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GoldBrute Botnet Brute-Force Attacking 1.5M RDP Servers

Botnet Scanning Internet for Vulnerable Windows Machines
GoldBrute Botnet Brute-Force Attacking 1.5M RDP Servers

A new botnet dubbed GoldBrute is using brute-force or credential-stuffing methods to attack vulnerable Windows machines that have exposed Remote Desktop Protocol connections, according to new research from Morphus Labs.

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While the end-goal of the group controlling the botnet is not clear, it appears that GoldBrute is currently using brute-force methods to attack about 1.5 million Remote Desktop Protocol servers that have exposed connections to the open internet, Renato Marinho, the chief research officer with Morphus, writes in blog published Thursday.

A scan using the Shodan search engine shows that there are at least 2.4 million of these exposed Remote Desktop Protocol servers throughout the world. GoldBrute, however, seems to use its own list as part of the attacks and keeps expanding as that list grows, Marinho's research shows.

The news of this particular botnet comes as Microsoft and the U.S. National Security Agency have each issued a series of warnings concerning BlueKeep, a vulnerability within the company's Remote Desktop Protocol service that could enable attackers to use a worm-like exploit to take over devices running unpatched older Windows operating systems (see: Researcher Posts Demo of BlueKeep Exploit of Windows Device).

While there is not an immediate connection between BlueKeep and GoldBrute, it doesn't mean that the group controlling the botnet could not use that vulnerability in the future, Marinho tells Information Security Media Group.

"GoldBrute is a botnet that implements a distributed brute-force method to try to find its victims," Marinho says. "It does not exploit any RDP vulnerability like BlueKeep. However, it's true that they are continuously scanning and collecting open RDP addresses that could be handy in future attacks."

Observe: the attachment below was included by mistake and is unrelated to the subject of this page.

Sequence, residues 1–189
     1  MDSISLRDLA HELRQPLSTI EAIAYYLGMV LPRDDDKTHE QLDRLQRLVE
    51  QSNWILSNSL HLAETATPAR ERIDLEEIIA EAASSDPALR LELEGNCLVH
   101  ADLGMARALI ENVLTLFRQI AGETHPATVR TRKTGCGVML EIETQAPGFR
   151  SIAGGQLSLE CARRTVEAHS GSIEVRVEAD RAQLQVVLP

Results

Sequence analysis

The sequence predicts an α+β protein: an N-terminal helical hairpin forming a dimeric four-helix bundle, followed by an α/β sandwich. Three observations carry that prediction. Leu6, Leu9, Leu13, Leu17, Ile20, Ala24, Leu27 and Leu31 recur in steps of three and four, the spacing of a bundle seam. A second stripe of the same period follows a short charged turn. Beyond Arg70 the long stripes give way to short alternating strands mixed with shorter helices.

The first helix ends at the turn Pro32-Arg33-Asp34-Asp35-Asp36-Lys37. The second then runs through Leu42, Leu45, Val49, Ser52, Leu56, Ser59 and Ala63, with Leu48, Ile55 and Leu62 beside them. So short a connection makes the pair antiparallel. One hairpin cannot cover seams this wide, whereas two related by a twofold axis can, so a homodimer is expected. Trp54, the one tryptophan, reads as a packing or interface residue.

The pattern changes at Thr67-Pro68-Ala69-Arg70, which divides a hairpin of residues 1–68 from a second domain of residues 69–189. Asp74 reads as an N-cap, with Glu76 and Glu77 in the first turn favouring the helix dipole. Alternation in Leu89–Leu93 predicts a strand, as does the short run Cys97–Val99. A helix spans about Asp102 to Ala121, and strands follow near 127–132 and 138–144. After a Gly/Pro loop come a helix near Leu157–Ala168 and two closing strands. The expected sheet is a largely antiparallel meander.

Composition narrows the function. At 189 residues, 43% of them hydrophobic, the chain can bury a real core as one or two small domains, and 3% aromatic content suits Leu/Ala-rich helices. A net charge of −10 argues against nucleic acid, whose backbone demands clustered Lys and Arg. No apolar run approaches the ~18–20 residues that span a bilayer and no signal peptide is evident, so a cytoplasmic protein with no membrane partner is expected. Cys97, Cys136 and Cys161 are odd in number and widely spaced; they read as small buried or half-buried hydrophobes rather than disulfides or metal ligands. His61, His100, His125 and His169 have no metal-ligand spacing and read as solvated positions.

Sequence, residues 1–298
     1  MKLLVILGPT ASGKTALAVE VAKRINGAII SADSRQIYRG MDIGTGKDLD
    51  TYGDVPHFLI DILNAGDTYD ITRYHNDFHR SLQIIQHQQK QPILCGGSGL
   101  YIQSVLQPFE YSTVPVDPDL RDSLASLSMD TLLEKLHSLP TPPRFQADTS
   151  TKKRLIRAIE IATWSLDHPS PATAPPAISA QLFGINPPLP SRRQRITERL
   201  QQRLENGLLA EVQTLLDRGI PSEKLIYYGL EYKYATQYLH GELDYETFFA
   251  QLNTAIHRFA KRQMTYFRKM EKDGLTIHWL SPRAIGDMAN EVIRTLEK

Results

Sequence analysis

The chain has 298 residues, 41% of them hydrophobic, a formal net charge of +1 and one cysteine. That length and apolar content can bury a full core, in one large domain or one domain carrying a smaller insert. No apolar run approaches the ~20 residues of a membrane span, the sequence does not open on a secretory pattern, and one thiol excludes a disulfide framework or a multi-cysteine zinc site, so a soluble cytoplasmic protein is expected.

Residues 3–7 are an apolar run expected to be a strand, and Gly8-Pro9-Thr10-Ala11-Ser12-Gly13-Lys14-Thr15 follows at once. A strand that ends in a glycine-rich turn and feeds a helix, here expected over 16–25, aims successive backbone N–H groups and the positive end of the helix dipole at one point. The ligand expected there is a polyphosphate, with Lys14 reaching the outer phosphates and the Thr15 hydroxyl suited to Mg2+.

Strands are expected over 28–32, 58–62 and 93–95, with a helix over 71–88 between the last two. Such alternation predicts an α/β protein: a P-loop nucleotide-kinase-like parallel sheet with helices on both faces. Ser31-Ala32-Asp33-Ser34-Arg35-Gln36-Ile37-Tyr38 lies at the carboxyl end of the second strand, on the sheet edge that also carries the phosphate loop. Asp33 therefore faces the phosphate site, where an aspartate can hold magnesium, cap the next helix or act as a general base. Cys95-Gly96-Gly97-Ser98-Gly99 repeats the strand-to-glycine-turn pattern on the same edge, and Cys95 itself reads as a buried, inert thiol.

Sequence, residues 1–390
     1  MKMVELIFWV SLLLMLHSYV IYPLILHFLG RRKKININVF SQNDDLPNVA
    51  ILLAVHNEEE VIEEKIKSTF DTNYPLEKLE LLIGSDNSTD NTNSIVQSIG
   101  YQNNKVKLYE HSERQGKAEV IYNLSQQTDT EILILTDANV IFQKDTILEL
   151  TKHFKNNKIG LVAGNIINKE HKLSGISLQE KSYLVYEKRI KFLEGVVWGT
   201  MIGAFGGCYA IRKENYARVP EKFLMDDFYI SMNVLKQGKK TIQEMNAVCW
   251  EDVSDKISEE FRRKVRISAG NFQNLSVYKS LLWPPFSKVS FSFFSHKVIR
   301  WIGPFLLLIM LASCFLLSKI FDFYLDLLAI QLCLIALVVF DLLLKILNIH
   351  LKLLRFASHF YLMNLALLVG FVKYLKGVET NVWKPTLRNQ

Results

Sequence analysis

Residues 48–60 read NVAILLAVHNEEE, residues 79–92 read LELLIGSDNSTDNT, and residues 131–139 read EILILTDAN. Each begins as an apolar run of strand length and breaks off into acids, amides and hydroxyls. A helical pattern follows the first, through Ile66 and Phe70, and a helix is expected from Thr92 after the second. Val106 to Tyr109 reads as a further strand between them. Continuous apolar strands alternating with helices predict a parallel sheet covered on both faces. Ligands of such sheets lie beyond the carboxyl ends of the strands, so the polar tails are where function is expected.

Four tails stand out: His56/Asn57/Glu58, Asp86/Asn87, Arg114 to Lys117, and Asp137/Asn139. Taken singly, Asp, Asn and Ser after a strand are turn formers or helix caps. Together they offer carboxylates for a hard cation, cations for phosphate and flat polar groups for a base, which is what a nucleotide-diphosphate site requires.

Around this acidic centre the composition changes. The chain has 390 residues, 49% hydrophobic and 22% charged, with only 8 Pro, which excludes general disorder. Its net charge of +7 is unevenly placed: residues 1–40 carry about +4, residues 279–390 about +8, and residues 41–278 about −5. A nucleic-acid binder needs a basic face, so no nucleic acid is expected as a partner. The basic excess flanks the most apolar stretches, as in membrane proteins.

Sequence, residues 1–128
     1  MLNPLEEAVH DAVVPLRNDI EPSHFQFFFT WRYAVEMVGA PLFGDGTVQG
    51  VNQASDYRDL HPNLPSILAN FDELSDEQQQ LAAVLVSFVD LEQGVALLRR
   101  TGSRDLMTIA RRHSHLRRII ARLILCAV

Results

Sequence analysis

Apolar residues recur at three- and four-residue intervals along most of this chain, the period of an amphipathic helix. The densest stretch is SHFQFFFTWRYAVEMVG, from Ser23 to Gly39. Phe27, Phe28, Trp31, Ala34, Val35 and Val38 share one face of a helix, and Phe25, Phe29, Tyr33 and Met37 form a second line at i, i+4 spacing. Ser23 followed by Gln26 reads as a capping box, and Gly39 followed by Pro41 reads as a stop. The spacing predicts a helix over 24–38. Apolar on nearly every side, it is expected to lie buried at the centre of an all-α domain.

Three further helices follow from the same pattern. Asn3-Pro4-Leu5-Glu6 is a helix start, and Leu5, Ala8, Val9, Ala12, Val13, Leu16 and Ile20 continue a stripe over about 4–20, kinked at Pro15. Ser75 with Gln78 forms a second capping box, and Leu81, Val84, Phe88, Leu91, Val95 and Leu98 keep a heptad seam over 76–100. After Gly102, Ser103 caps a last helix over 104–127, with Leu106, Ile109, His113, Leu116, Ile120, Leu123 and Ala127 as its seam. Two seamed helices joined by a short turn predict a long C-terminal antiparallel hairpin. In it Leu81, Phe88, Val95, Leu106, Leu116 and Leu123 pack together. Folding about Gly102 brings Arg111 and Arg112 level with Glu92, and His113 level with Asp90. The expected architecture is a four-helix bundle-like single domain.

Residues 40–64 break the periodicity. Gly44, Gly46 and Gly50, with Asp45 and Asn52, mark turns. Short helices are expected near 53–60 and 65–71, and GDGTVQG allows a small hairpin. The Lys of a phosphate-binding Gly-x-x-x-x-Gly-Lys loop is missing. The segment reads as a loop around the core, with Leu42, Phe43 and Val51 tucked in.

Assessing GoldBrute

Through his research, Marinho found that the GoldBrute botnet is controlled by a single command-and-control server, and that the various bots are communicating and exchanging data with that server using an AES encrypted WebSocket connection tied to port 8333.

Once a vulnerable Windows system is infected with malware, it is instructed to download the botnet code, according to the Morphus research. The code itself is rather large - about 80MB - since it contains a full Java runtime, and a Java class within that contains the actual bot code called "GoldBrute."

Malicious code associated with GoldBrute (Image: Morphus Labs)

Once a vulnerable Windows machine is infected, the bot starts scanning for other IP addresses that also have exposed Remote Desktop Protocol servers, according to Morphus.

When about 80 different IP addresses are found, that list is then sent back to the command-and-control sever. From there, the attackers pick specific machines and target those systems with brute-force methods and credential stuffing to guess the users names and passwords.

This could be a way to avoid detection since authentication attempts appear to come from different IP addresses, Marinho's research found.

While the end-goal of the group is not clear, Marinho speculates that the attackers behind the botnet could sell valid hosts and credentials on various dark web market places. It's also possible that the attackers could change their methods at some point.

"Brute-forcing RDP hosts may be just the current use of this botnet," Marinho says "It can change based on the objectives of the attacker or group behind it. Once they are controlling the nodes, they may change or update the malicious code."

Global Reach

During his analysis, Marinho found a way to modify the code that allowed him to save a list with all the "host+username+password" used by the GoldBrute botnet within his lab computer. This allowed Marinho to create a map that showed all the hosts targeted by the botnet throughout the world.

Hosts infected by GoldBrute botnet (Image: Morphus Labs)

"After 6 hours, we received 2.1 million IP addresses from the C2 server from which 1,596,571 are unique," Marinho writes in his blog post. "Of course, we didn't execute the brute-force phase."


About the Author

Scott Ferguson

Scott Ferguson

Managing Editor, News Desk

Ferguson is the managing editor for the news desk at Information Security Media Group. He's been covering the IT industry for more than 13 years. Before joining ISMG, Ferguson was editor-in-chief at eWEEK and director of audience development for InformationWeek. He's also written and edited for Light Reading, Security Now, Enterprise Cloud News, TU-Automotive, Dice Insights and DevOps.com.




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